P2 Averhoff

Metabolic adaptation of Acinetobacter baumannii – role of phospholipids in nutrition and infection

Membranous environments are colonized by various strains of A. baumannii, which raises the question on how A. baumannii manages to adapt its metabolism to the skin environment. Phosphatidylcholine (PC) and phosphatidylethanolamine (PE) are the most abundant phospholipids found in human cell membranes and make them good candidates as carbon and energy source. Initial degradation of PC or PE is facilitated by a set of different phospholipases whose substrate specificity is determined by the acyl side chains and the hydrophilic group. A. baumannii ATCC 19606 encodes six phospholipases belonging to the phospholipase superfamilies PLA, PLC and PLD. Two of them are known from the literature as virulence factors. To elucidate the function of all phospholipases they will be produced in E. coli, purified and their enzymatic properties will be determined. Transcriptional and immunological analyses will identify conditions under which the encoding genes are expressed. Phospholipase mutants will be generated using the established markerless mutagenesis strategy and mutant studies will unravel the role of the phospholipases in phospholipid degradation, survival of in cell culture, adhesion to eukaryotic cells and complement resistance as well as their role in cytotoxicity on prokaryotic and eukaryotic cells. Furthermore, we aim to identify and characterize phospholipase exporters by genetic and biochemical techniques. Our own preparatory work demonstrated that A. baumannii takes up the PC cleavage product choline and oxidizes it to glycine betaine. The genome of A. baumannii 19606 predicts a two-step oxidation pathway, a transcriptional regulator and two choline transporters (BetT1 and BetT2). BetT1 in A. baylyi was found to facilitate osmolarity-independent choline transport, most likely by an uniport mechanism. Analogously BetT1 in A. baumannii might play a role in metabolic adaptation to choline rich environments. To analyze the role of the choline transporters and choline oxidation in metabolic adaptation and pathogenicity of A. baumannii the encoding genes will be deleted. Mutant studies will be performed to elucidate the biochemistry of choline transport and to determine the role in virulence in cell cultures.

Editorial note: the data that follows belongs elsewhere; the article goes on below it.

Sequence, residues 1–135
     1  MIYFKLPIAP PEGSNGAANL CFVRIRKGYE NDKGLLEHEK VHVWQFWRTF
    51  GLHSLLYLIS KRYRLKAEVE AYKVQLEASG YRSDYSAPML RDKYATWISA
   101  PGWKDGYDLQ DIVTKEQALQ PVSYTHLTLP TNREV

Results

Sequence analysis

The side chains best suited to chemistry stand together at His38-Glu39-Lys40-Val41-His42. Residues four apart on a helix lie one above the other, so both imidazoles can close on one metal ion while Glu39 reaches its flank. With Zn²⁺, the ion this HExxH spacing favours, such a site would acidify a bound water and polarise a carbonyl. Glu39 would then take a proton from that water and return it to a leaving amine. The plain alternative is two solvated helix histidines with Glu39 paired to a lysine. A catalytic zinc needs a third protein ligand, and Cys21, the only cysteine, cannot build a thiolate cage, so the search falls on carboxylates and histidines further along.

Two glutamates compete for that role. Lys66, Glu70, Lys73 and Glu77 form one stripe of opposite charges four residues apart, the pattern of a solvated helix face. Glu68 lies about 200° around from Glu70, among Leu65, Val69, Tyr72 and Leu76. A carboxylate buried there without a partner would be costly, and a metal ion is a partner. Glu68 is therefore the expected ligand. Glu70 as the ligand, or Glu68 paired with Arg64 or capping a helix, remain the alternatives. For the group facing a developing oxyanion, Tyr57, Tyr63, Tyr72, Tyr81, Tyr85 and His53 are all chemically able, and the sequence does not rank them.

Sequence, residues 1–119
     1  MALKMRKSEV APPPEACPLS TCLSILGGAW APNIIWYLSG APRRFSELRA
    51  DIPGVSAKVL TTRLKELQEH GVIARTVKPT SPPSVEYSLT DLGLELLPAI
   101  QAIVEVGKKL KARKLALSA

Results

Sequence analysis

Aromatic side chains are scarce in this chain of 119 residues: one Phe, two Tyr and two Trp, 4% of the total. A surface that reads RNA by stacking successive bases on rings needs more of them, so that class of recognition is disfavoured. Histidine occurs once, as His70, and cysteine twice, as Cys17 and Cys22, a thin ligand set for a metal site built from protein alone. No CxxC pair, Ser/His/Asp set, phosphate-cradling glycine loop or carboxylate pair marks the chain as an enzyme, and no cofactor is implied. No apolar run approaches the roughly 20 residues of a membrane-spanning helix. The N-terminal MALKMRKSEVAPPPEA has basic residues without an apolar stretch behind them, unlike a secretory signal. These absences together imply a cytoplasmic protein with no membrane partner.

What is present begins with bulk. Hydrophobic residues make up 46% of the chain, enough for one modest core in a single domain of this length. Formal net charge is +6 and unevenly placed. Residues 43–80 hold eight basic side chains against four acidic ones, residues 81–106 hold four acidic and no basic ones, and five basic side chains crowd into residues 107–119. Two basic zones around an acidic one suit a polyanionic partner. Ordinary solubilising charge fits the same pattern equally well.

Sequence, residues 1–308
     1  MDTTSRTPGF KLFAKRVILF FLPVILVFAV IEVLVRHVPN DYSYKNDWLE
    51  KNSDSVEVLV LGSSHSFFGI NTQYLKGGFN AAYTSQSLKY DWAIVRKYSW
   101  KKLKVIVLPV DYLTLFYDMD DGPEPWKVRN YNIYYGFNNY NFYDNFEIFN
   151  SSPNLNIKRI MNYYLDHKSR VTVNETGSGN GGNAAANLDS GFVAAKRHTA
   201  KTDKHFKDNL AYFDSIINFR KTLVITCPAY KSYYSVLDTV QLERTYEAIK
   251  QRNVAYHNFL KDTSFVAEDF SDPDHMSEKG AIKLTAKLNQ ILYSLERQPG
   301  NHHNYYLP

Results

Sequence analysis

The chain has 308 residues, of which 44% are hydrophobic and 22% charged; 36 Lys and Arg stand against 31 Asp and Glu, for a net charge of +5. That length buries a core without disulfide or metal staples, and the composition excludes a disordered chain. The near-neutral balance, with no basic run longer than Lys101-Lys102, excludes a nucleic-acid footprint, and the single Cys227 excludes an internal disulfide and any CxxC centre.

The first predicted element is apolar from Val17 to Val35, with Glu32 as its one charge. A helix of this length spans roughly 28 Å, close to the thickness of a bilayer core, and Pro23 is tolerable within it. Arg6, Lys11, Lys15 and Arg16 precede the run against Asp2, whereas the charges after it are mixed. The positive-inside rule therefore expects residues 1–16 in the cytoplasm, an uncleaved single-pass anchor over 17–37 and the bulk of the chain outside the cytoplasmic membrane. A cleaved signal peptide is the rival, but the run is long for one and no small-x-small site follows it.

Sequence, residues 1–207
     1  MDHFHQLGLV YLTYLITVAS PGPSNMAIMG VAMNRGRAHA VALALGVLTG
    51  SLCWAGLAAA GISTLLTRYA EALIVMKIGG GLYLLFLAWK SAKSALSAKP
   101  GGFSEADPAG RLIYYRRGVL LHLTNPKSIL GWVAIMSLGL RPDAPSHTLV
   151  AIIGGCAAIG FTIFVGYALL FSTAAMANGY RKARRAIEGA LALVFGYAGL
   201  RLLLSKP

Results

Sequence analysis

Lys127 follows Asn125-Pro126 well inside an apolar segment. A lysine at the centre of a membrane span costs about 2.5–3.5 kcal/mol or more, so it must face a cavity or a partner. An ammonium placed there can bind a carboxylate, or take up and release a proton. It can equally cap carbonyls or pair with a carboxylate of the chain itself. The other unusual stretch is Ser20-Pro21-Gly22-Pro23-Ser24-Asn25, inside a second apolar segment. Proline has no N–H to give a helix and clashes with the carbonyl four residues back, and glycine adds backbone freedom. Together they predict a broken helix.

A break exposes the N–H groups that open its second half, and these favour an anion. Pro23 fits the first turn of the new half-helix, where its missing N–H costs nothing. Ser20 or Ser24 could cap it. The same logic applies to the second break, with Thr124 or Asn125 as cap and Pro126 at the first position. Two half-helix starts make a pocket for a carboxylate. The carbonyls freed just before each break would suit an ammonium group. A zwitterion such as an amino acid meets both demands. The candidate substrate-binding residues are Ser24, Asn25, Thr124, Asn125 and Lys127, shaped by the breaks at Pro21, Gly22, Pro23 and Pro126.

Another focus will be to identify the substrate of the transcriptional regulator BetI and study its mode of interaction with the DNA. To unravel the molecular transport mechanism of H+-coupled choline symport and proton-independent choline uniport in the BCCT family we will purify both choline transporters and attempt to solve their atomic structures by X-ray crystallography on 3D crystals in a high-throughput process. Furthermore, we will investigate their interactions with specific lipids by 2D crystallization and cryo-electron microscopy. To elucidate the transport mechanism we will perform transport experiments in vivo and in vitro in cells proteoliposomes, respectively, as well as binding studies by ITC and TRP-fluorescence.


Prof. Dr. Beate Averhoff



Jennifer Breisch (PhD student)

Research Interest: Role of BCC transporter in virulence of Acinetobacter baumannii



 Katharina Pfefferle (PhD student)

Research Interest: Contribution of phospholipases to virulence of Acinetobacter baumannii